I have read a report about the name Barabbas.
The conclusions were that:
1 Barabbas doesn’t mean son of the father, instead, it is a patronimic or an other nickname
2 The name Jesus followed by Barabbas in mt. 27:16, 17 can be found in some versions of the greek bible. It is reported in the Novum Testamentum Graece in brakkets because it is not considered true for certain. It could be caused by a copier’s mistake
3 It is possible that there was no mistake, but the name Jesus followed by Barabbas wasn’t uncommon in palestine and wasn’t a problem for eastern christians who knew the jewish culture
4 Later, other christians, who didn’t know jewish culture well, had the word jesus removed from barabbas as a form of respect towards Jesus Christ.
It can be found on internet at this address:digilander.libero.it/Hard_Rain/Barabba.pdf
It is written in Italian so I’ll post the translation of the some of the most relevant parts of this report (“Note relative al nome Barabba”) and the original quotation from the Novum Testamentum Graece (nestle-aland.com/en/read-na28-online/text/bibeltext/lesen/stelle/50/270001/279999/):
16εἶχον δὲ τότε δέσμιον ἐπίσημον λεγόμενον Ἰησοῦν] Βαραββᾶν ([Jesus] Barabbas).
17συνηγμένων οὖν αὐτῶν εἶπεν αὐτοῖς ὁ Πιλᾶτος• τίνα θέλετε ἀπολύσω ὑμῖν, Ἰησοῦν τὸν] Βαραββᾶν ([Jesus the] Barabbas) ἢ Ἰησοῦν τὸν λεγόμενον χριστόν;
the term bar Abba, בר אבא, is so common in Jewish literature that anyone who meets it immediately think of a patronymic, not tied to God as Father, but to a person’s name. Bar Abba understood as a child of God, called “Father” as a title or proper name, is in fact an expression totally unknown in Judaism. It is possible to call God Abba, but never would anybody call someone a “son of the Father” and even “son of God”.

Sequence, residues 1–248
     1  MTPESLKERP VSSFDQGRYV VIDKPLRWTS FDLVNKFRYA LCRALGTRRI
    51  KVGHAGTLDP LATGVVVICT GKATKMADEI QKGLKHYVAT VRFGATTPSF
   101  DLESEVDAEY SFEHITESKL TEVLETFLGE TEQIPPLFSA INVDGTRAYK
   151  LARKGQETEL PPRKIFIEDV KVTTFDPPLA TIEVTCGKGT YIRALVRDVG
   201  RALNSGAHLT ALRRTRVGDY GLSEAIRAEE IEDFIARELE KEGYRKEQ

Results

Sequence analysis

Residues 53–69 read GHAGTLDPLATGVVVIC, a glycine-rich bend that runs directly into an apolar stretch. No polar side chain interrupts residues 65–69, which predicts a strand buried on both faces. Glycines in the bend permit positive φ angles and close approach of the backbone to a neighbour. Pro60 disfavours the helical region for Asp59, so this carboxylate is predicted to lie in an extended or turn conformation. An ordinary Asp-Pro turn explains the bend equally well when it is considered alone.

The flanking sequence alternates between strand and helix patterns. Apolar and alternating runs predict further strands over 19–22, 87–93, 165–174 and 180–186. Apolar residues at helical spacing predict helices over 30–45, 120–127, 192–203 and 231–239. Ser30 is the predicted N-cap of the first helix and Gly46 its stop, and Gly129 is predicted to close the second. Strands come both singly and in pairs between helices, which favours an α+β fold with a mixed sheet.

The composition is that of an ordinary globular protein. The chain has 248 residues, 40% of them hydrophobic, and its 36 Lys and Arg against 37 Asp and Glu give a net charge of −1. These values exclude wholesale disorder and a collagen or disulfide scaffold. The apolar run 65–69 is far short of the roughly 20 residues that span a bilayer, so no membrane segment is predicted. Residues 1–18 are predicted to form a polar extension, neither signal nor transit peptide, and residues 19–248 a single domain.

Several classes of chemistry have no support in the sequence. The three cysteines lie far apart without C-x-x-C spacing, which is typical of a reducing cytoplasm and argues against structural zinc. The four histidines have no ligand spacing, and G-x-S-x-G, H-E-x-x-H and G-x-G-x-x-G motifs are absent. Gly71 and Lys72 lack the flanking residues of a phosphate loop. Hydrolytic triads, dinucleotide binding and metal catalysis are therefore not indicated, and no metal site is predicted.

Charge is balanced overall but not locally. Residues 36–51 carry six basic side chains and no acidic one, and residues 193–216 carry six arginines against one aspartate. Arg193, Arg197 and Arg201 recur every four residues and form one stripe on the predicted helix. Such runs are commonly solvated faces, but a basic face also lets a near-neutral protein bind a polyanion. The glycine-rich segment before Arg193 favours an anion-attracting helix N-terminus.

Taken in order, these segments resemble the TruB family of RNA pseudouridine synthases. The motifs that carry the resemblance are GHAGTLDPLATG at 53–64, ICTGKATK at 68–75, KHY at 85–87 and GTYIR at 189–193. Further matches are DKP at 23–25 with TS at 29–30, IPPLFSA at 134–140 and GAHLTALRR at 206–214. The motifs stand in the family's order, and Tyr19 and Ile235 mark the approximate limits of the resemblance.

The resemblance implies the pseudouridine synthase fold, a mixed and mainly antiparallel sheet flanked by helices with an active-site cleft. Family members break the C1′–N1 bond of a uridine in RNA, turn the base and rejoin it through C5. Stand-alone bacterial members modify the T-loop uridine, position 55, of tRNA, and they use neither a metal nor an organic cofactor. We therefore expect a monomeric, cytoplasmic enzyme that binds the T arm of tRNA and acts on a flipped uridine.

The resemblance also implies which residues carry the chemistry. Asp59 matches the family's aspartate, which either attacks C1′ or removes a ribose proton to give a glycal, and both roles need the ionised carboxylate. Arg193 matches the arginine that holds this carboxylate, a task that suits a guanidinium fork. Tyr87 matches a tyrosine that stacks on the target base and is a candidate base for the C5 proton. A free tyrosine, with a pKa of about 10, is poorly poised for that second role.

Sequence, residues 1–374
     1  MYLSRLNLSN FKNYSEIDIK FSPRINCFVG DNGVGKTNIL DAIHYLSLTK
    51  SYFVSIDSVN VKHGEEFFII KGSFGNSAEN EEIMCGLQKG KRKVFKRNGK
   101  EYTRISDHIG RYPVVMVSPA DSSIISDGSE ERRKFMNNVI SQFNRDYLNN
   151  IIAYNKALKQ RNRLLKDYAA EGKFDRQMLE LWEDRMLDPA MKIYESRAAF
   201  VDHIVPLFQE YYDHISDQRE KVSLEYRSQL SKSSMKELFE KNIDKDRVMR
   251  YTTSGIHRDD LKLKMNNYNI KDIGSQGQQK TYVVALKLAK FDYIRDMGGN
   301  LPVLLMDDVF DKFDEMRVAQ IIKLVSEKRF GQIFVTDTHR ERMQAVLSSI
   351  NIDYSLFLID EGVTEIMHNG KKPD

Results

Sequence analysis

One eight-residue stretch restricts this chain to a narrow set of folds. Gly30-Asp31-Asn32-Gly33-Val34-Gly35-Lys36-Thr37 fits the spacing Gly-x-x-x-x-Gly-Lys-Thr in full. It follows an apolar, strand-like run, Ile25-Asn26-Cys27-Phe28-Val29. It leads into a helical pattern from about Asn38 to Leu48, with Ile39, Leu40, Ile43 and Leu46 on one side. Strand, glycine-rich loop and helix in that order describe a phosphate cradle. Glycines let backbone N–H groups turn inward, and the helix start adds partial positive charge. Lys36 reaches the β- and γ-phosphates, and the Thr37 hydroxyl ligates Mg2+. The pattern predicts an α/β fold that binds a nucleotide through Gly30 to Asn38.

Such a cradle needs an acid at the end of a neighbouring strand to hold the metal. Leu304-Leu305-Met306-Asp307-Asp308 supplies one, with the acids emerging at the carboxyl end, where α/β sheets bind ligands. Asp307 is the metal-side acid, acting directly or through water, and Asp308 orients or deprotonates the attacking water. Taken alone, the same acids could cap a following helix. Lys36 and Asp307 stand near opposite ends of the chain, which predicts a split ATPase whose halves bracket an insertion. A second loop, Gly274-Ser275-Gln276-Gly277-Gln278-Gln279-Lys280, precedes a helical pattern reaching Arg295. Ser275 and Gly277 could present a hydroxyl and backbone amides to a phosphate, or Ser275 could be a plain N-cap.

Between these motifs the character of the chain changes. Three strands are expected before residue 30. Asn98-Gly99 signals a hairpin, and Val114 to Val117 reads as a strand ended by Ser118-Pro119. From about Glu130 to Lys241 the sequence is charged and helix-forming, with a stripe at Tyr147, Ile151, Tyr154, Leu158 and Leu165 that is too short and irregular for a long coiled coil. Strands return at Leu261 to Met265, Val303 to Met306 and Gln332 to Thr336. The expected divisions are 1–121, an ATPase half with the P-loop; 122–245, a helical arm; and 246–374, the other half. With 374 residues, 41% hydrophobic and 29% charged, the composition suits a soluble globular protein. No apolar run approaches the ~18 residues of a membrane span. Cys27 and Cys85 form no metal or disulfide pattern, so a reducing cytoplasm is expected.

P 13, footnote 49
It is allowed to invoke God in Aramaic as “abba” in the first person, as in the case of Jesus, although the use is limited.
P 13, footnote 49
In Judaism we do not have cases of use of the word of “abba” as the title of God
If there is no literary attestation that “bar Abba” or derived forms may mean son of the Father in the honorific sense of “son of God”, even in terms of simple Aramaic grammar this solution is to be discarded.
if you wanted to say “Son of the Father” in Aramaic you should say: בריה דאבא (berè deAbba), or “son-of-his Father,” an expression that provides a greek word transliteration incompatible with Barabbas / n. Moreover, this expression is never understood in the sense of “son of God”, but as the son of the rabbi, the teacher.
In the Talmud Abba is a name of a person and bar Abba is a patronymic , in the Seder has Dorot are cited dozens of rabbis who are called Abba , we also have mention of a Yeshua bar Abba , of course this is not purely and simply identified with Barabbas in the gospel ( whose name was Jesus , according to some manuscripts of Matthew’s Gospel ), but it illustrates how the combination in Aramaic of Jesus with patronymic bar Abba is certainly not a fact that gave anybody some sort of perplexity.
It is possible, if not likely, that both Mark and Matthew have meant reporting what was not a patronymic form, which could only correspond to the "son of Abba " , but a nickname, a nom de guerre of who in effect is defined as brigand , a bandit who was in prison .
Barabbas can be interpreted as a patronymic (son of Abba), or as a nickname (in a similar way to bar Kokhba), this gives us an interpretation of this character consistent with the Jewish culture and the environment.
It is possible, on the one hand, that the lesson Jesus Barabbas originated from an accident in the manuscript transmission but it is also possible that the lesson is genuine and has survived only in codes of “Palestinian” tradition and in Origen because the expression did not cause any inconvenience or theological embarrassment to an audience of Palestinian geographical origin and mentality, as opposed to other geographic regions where censorship began to operate very soon.
it is possible to conjecture that the name “Jesus” suffixed to Barabbas was known in the Palestinian traditions and were part of the older editions of the Gospel of Matthew; it was later censured for deference to Jesus Christ and the tradition was lost